Experts have long debated whether it’s appropriate to make a BPD diagnosis in teens. But research suggests early detection and treatment of BPD in teens is both possible and important for a positive outcome.
Borderline personality disorder (BPD) is a psychological condition involving a persistent pattern of unstable moods, a fear of abandonment, and an unclear sense of self.
While BPD has historically been diagnosed in adults only, it’s now widely recognized that it can be detected well before adulthood. Diagnosis in teens requires a careful evaluation by a mental health professional, and the process may take some time.
Yes, teens can be diagnosed with BPD. In fact, BPD is estimated to affect about
But it’s important to note that diagnosing personality disorders in teens is a complex issue that’s been debated among experts for many years.
Some experts argue that the symptoms of BPD can mimic typical adolescent behavior, which can lead to a premature or inappropriate diagnosis. Others assert that early identification and treatment are necessary and can lead to better outcomes for young people.
Today, it’s generally accepted that the evidence for BPD in teens is strong enough to justify its diagnosis.
Many clinicians will give an unofficial diagnosis of “emerging personality disorder” to a teen who’s showing BPD-like symptoms. If symptoms still persist after some time, they often make a diagnosis of BPD.
While the diagnosis of a personality disorder typically requires a long-term pattern of symptoms, there may be some early signs that could indicate a higher likelihood of developing a personality disorder later in life.
Some of these early signs may include:
- social isolation or difficulty forming close relationships
- impulsivity or behavior that may have harmful effects
- intense mood changes or emotional instability
- persistent feelings of emptiness or loneliness
- chronic feelings of anger or irritability
- difficulty regulating emotions or coping with stress
- suspiciousness or paranoia
- persistent feelings of worthlessness or inadequacy
Potential symptoms of BPD in teens include:
- Intense emotions: Teens with BPD may have periods where they experience intense and highly fluctuating emotions, such as rage, sadness, or anxiety. These periods can last for hours or days.
- Lack of self-worth: Teens with BPD may have a distorted view of themselves and experience low self-worth or carry a sense of self-loathing.
- Chronic feelings of emptiness: Teens with BPD may feel a persistent sense of emptiness and have difficulty finding meaning or purpose in their lives.
- Impulsive behavior: Teens with BPD may engage in dangerous or impulsive behaviors, such as substance use or reckless driving.
- Unstable relationships: They may struggle to maintain stable relationships with friends and family members. They may also have a fear of abandonment and go to great lengths to avoid it.
- Self-harm or suicidal thoughts: Teens with BPD may engage in self-harming behaviors, such as cutting or burning, or have frequent thoughts of suicide.
It’s important to note that these behaviors alone do not necessarily indicate BPD, and a professional evaluation is necessary for an accurate diagnosis. In addition, these symptoms would need to be more intense and frequent than what’s seen in typical teen behavior.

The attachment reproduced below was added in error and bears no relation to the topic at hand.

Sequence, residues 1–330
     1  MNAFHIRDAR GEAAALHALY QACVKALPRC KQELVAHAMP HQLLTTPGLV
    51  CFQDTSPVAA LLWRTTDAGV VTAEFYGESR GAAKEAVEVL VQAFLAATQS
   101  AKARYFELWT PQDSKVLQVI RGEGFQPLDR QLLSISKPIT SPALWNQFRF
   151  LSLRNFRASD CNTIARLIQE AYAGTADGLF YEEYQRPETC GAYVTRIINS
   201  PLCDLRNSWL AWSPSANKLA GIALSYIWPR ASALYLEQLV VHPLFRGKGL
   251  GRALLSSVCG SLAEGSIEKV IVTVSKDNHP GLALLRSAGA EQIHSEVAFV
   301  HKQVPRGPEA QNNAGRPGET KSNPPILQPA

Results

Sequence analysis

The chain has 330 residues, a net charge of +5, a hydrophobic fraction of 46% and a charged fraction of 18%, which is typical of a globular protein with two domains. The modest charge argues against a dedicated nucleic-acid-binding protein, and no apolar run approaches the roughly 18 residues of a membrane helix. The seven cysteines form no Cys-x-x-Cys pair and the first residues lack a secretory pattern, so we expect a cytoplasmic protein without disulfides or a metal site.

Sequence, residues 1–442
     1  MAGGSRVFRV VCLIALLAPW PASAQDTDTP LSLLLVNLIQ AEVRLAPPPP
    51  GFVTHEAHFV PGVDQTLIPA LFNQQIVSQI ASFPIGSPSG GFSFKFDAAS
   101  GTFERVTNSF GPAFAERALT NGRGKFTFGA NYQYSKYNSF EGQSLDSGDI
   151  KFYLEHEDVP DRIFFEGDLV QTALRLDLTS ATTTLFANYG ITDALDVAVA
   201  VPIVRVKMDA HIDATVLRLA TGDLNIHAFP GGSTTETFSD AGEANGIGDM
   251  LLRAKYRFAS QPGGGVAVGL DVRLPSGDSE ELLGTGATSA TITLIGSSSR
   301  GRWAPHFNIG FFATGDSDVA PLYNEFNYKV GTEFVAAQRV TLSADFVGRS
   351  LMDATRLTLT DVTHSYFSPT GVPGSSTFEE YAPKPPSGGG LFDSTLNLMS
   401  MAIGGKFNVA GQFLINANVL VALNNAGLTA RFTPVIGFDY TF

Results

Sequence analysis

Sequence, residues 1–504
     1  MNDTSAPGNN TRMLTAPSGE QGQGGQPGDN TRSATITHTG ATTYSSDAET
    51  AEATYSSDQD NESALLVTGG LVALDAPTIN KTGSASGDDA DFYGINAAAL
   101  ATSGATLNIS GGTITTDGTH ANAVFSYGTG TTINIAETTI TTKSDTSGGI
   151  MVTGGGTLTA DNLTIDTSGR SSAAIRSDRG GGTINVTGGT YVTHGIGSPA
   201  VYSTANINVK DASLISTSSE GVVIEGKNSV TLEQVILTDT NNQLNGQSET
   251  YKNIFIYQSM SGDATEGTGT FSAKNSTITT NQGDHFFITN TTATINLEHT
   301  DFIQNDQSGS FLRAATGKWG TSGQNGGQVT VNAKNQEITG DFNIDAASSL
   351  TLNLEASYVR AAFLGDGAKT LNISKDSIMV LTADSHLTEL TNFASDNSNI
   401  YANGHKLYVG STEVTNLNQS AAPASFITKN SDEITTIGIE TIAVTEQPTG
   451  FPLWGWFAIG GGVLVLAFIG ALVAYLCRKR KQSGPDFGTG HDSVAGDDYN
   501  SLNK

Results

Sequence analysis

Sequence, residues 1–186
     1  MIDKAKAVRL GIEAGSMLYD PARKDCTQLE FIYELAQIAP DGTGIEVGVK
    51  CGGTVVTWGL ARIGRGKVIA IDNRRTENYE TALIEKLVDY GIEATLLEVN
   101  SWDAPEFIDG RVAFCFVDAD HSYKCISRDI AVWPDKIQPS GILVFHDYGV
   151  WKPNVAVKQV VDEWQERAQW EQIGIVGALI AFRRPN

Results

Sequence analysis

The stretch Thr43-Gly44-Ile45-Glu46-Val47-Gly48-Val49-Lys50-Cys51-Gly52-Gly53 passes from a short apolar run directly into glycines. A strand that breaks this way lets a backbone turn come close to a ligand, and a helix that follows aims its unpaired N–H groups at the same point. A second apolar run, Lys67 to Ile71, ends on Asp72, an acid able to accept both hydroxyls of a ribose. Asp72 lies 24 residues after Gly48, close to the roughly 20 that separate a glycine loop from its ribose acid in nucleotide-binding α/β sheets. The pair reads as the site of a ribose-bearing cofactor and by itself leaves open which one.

The authors state that this symptom might occur later on in the disorder or may only be seen in more severe forms of BPD.
When diagnosing teens with BPD, clinicians use the same criteria used for adults in the Diagnostic and Statistical Manual of Mental Disorders (DSM-5).
BPD in teens is defined as a year-long pattern of immature personality development with concerns in at least five of the following areas:
- efforts to avoid abandonment
- unstable interpersonal relationships
- identity disturbance
- inappropriate intense anger
- suicidal and self-harming behaviors
- emotional instability
- chronic feelings of emptiness
- stress-related paranoid ideation
The first-line treatment for teens with BPD is psychotherapy.
This may include:
- Dialectic-behavioral therapy (DBT): DBT uses elements of cognitive behavioral therapy and is specifically designed to treat individuals with BPD. In DPT, the therapist will help you learn mindfulness strategies and build skills to manage intense emotions, improve interpersonal relationships, and cope with stress.
- Cognitive analytic therapy (CAT): CAT is a brief, structured intervention designed to help you gain insight into your patterns of thinking and behavior. You can learn new coping strategies and develop more effective ways of managing your emotions and relationships.
- Mentalization-based therapy (MBT): MBT is a form of psychotherapy that focuses on enhancing your ability to “mentalize,” or think about your own and others’ thoughts, feelings, and motivations. By improving these skills, you can develop more stable and satisfying relationships and reduce impulsive or self-destructive behaviors.
- Family-focused therapy (FFT): FFT is a type of family therapy that works to reduce family stress and improve communication among family members. It aims to help families better understand and support their teen’s treatment.
Medications, including second-generation antipsychotics, may be helpful for some people with BPD. A clinician will take a variety of factors into consideration to determine whether medication would be helpful.
BPD is a common personality disorder with symptoms such as intense mood shifts, abandonment fears, and lack of self-esteem. While previously only diagnosed in adults, BPD is now widely recognized as being diagnosable in adolescence.
If you believe you or your teen may have BPD, consider reaching out to a healthcare professional. A comprehensive evaluation by a doctor is important to ensure an accurate diagnosis and appropriate treatment.